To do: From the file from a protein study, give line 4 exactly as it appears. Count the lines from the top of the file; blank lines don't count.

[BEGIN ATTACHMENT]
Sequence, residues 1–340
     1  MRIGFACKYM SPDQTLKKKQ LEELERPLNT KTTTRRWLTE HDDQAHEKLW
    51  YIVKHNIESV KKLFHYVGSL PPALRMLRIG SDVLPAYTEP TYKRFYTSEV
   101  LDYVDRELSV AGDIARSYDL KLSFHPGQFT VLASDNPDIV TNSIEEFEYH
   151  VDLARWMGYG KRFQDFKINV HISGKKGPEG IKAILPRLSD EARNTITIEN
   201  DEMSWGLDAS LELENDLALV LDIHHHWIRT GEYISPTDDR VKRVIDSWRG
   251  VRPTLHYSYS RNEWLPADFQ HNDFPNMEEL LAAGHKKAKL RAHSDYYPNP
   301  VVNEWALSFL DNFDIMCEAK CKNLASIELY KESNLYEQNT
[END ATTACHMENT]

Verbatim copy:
   101  LDYVDRELSV AGDIARSYDL KLSFHPGQFT VLASDNPDIV TNSIEEFEYH